Home insurance can be a minefield, but it’s something all renters and home owners need. If you’re struggling to get to grips with terminology in insurance policies, or are not sure how much excess to opt for, today’s guest post is here to help you!
Working out what home insurance cover you need often results in you paying the most ‘just in case.’ Rather than spending money you don’t need to, here are four things to look out for when it comes to finding the perfect home insurance for you.
Depreciations and Exclusions
There are lots of terms to grasp as you read insurance policies. A home insurance glossary can come in particularly helpful just so you understand what the cover means. Two terms to look out for are depreciations and exclusions. The term depreciations will come into effect if you make a claim and the insurance company offers you less money than you expected because they have made a deduction for the wear and tear of your possessions. You can avoid this by paying a little bit extra for ‘new for old’ so that if something is stolen or damaged you can afford to replace it.
Exclusions are the parts of your insurance that insurance companies won’t cover you for. This will be clearly set out in your policies terms and conditions but make sure you look for it. For example, if you’re in an area liable to flooding you will usually have to pay a little bit extra for ‘Water damage cover’ because it is likely excluded from the standard insurance package.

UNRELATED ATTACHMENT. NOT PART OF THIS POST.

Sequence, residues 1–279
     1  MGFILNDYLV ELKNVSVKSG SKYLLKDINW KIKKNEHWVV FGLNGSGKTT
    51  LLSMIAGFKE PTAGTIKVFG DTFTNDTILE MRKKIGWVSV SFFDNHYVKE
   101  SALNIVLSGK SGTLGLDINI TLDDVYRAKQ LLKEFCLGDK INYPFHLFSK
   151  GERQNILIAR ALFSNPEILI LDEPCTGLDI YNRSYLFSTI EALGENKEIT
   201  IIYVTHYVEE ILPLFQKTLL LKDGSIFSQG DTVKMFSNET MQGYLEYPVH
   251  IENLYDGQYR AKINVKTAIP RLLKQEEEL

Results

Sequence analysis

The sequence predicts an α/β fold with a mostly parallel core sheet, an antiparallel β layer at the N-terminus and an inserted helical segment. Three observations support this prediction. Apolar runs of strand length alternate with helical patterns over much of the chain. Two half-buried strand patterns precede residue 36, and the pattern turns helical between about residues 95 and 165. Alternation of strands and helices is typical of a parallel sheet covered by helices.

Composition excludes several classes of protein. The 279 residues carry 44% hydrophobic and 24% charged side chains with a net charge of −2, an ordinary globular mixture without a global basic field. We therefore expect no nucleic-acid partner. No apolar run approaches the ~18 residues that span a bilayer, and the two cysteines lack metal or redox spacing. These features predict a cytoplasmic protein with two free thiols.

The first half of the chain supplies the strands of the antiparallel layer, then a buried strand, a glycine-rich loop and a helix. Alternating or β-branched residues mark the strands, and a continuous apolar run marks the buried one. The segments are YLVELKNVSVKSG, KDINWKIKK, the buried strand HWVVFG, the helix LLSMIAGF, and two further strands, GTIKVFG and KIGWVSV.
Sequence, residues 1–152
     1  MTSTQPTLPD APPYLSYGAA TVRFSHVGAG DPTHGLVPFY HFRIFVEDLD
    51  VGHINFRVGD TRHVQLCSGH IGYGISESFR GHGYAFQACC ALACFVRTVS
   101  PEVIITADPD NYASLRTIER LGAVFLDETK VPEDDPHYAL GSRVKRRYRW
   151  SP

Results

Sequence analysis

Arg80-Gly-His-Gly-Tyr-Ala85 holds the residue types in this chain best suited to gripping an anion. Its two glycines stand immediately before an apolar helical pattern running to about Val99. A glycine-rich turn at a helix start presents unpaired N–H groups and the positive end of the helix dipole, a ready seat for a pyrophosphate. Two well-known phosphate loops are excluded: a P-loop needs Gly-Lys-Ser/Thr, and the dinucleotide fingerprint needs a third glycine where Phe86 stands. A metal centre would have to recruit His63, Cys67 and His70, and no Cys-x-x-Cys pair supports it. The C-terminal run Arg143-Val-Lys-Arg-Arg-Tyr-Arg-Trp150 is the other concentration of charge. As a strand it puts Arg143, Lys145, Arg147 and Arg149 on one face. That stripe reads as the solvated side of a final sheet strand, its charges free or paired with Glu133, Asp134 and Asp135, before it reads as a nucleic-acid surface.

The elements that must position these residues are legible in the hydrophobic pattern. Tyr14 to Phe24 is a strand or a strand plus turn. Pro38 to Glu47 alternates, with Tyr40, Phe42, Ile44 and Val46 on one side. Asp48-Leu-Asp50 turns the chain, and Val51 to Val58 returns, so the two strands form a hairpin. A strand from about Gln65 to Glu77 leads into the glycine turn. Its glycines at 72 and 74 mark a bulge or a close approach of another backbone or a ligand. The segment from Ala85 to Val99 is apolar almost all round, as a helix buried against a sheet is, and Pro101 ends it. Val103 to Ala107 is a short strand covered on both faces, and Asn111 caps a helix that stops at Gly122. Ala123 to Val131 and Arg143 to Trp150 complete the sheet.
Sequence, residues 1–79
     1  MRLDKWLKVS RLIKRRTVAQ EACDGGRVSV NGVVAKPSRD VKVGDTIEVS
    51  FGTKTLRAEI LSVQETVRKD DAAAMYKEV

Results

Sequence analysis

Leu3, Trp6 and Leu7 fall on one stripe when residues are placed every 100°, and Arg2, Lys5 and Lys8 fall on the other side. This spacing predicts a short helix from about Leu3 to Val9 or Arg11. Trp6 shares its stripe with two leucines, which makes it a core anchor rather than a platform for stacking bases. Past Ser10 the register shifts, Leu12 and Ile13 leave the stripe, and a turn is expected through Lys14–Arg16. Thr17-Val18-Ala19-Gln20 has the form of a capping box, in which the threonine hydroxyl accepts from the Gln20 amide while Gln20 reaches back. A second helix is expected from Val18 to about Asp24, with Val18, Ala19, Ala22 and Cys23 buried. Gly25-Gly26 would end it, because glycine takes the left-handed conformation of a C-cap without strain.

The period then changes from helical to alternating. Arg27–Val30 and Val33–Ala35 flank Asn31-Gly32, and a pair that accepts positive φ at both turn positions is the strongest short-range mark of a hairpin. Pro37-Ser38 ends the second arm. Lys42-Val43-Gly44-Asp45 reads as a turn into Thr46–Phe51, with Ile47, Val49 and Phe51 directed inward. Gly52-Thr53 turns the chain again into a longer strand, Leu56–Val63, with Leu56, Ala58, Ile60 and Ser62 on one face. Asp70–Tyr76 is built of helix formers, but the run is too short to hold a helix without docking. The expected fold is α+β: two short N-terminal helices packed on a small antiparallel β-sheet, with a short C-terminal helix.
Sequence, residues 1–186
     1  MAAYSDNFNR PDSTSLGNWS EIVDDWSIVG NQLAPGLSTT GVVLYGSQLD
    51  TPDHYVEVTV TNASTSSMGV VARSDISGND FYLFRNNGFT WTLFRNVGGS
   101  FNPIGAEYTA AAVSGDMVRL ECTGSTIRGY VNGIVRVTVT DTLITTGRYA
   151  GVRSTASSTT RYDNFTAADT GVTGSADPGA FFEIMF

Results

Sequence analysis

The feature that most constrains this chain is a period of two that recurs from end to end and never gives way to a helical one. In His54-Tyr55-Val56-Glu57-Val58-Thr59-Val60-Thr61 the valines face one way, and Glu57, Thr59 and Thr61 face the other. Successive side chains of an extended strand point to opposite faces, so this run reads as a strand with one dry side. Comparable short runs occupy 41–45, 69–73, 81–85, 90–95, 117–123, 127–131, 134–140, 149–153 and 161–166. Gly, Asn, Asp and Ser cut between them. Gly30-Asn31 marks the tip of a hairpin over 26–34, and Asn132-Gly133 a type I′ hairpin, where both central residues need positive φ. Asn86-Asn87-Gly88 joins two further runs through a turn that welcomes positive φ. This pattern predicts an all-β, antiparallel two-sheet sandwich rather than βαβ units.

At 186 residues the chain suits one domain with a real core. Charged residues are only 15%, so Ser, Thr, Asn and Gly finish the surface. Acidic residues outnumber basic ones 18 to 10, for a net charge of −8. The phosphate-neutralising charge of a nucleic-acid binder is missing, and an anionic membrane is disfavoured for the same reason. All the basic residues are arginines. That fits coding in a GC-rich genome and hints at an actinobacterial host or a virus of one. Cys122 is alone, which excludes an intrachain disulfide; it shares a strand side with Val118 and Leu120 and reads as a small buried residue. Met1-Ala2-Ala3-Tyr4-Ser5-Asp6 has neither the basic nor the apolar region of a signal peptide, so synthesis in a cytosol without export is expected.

Protecting your liability
Liability covers not just your own home, but also other people’s that you happen to be in. Say, for example, that you take a naughty puppy over to a friend’s home and it causes havoc – your liability is covered and you can cover the damage with your insurance. Equally, if you throw a party at home and someone has a few too many drinks and hurts themselves, your liability cover will cover medical costs for them. Make sure that this is covered by your insurance policy, it’s important.
Although it may state on your home insurance that your contents are covered to a large sum of money, you may find that individual categories have limits. If you have expensive pieces of jewellery or sports equipment, get in touch with the insurer and explain your situation and that you need specific cover for personal items.
Excess is the fixed amount you have to pay if you want to make a claim. If the cost of replacement was over the price of the excess, you would normally make a claim. Bizarrely, the amount you claim for deducts what you’ve actually paid the insurance company. Say for example your laptop is stolen from your home and it is worth £600 and you make a claim – you will have to pay excess such as £100 and so the insurance company will give you £500 back.
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